by Tanner Hamilton
Consumable items not approved by the ASB are prohibited to be sold or distributed on campus for the sake of the students’ welfare. The educational system is a place of safe learning, so allowing students to sell their own food would be counterproductive to the system’s purpose.
It may seem like a nice way to give kids a new taste of responsibility and to introduce them into an entrepreneurial environment, but the truth is that only a small percentage of these kids are actually selling. The reason why people believe students should be allowed to sell items is because it gives them a chance to learn about capitalism on a small scale. However, even if the few students selling food are being educated through the process, it is outweighed by the potential health hazards it causes for the rest of the students.
A student’s lunch is either brought from home or purchased from the school-approved vendors. Parents and guardians control the food brought to school, and the vendors are regulated by the United States Department of Agriculture. According to their standards, lunches must provide appropriate nutritional value and make sure that students have access to fresh fruits, vegetables, and whole-wheat bread. The California Education Code also structures the food sold at school. All food must have a limited amount of fat and sugar, while providing the appropriate amount of calories. Therefore, all of the students’ diets can be properly monitored and regulated.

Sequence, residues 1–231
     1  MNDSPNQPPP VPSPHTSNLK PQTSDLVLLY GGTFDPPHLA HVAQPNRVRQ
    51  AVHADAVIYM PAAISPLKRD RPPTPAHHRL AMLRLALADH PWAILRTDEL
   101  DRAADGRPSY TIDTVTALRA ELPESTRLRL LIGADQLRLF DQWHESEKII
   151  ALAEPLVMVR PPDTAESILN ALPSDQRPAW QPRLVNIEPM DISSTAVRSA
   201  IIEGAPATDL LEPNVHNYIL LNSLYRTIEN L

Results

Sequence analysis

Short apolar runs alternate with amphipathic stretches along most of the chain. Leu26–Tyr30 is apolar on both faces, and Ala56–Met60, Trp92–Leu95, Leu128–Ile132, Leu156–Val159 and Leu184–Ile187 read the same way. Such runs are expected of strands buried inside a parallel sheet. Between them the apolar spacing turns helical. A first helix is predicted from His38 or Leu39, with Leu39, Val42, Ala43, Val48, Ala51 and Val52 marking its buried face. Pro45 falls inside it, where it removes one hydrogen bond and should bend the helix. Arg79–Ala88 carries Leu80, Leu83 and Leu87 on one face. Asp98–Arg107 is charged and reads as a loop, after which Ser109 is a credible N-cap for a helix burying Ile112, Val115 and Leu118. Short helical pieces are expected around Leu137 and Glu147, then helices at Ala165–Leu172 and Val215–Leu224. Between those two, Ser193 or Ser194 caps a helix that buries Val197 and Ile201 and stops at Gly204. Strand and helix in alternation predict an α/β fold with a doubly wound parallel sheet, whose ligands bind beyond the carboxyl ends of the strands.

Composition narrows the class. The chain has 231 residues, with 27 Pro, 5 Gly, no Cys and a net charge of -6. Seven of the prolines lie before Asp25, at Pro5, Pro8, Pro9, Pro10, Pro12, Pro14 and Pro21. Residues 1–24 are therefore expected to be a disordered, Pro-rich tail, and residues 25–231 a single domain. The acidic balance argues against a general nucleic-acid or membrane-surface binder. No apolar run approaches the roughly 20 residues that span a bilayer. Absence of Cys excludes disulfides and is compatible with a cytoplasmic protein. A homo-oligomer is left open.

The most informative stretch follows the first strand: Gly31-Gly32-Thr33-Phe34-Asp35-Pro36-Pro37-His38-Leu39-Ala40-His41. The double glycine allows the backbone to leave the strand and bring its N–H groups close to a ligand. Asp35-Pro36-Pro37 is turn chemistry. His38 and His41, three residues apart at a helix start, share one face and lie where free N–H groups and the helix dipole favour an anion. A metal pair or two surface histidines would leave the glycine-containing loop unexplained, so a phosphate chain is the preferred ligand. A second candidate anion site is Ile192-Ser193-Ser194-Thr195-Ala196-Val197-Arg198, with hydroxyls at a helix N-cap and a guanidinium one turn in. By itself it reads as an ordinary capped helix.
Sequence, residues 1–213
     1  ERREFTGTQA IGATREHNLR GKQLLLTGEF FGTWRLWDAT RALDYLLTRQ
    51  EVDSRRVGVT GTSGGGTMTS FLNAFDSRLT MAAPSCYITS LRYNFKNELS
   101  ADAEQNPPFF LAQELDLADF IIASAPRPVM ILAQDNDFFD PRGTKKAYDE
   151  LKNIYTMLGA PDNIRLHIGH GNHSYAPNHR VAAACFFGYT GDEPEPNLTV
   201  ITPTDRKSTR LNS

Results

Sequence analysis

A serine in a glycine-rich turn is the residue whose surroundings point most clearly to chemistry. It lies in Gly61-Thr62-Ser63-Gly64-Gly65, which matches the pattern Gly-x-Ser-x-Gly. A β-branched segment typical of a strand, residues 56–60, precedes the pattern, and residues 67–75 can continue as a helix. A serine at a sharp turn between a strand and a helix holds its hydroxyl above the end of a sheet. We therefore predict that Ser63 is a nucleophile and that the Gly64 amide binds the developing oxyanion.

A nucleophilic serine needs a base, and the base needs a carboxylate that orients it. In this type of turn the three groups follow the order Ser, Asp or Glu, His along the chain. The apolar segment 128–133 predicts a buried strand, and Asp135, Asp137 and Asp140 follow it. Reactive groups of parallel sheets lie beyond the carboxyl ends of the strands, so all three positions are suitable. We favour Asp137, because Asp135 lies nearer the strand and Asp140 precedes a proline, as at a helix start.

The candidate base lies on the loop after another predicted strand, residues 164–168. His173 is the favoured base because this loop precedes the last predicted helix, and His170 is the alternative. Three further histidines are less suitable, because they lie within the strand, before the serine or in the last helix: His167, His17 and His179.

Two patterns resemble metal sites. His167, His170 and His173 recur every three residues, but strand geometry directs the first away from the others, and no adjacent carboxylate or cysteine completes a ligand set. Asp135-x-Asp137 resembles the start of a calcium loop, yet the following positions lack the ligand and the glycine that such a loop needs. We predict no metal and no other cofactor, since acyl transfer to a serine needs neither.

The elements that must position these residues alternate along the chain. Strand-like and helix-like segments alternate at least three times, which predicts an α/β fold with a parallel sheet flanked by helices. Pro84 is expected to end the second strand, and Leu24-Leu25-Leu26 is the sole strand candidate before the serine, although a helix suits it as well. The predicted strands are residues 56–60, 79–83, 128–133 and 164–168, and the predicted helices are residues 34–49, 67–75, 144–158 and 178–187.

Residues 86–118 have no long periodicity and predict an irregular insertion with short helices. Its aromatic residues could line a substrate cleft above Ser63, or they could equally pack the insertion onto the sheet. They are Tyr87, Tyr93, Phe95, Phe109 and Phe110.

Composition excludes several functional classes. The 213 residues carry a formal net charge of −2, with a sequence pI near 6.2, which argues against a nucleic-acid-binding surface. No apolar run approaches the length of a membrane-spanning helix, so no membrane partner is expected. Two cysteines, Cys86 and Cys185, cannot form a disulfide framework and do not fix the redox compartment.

However, when students introduce a new source of unregulated food, health issues may arise. Foods brought by students are not limited by these standards. Serious problems arise when a large portion of a student’s’ intake is unknown to their guardians. Those with access to unreliable sources of food sold by other students may be susceptible to the effects of unhealthy food intake, such as obesity and malnourishment.
The main reason why schools have enacted this rule against students selling snacks is because it is a safety hazard. According to the Food Allergy Research and Education Organization, one in every 13 children have a life-threatening allergy. Food sold by students might not be responsibly labeled or advertised that is has potentially dangerous ingredients such as peanuts, shellfish, or eggs. Therefore, an unregulated introduction and circulation of new foods is likely to come into contact with allergens. For example, a student with a nut allergy may purchase a homemade cookie. Because it is not authorized by a legitimate vendor, the student is not fully aware that the cookie contains nuts. The student would then have an allergic reaction, putting his or her life at risk.
Unlike food authorized by the government, student goods do not have the proper regulations to make sure people are aware of its ingredients. In fact, they become more dangerous for students with allergies because they do not know what is in any of the homemade or unfamiliar goods sold by other students. Because of this, schools can not take the chances of allowing any kind of unregulated food to be distributed to students.
Overall, consumable items pose as a threat to the safety of students, especially those with dangerous allergies. If food was continued to be sold by students without regulatory approval, students’ lives may be put at risk. In order to create the safe environments that students need in schools, there cannot be any distribution of unauthorized goods. Even though it may seem like a liberating notion to give students the freedom to sell food, safety must be upheld at all costs. Without this rule, the school system would run the risk of life-threatening foods being handed out on campus and injuring the students that it is supposed to protect.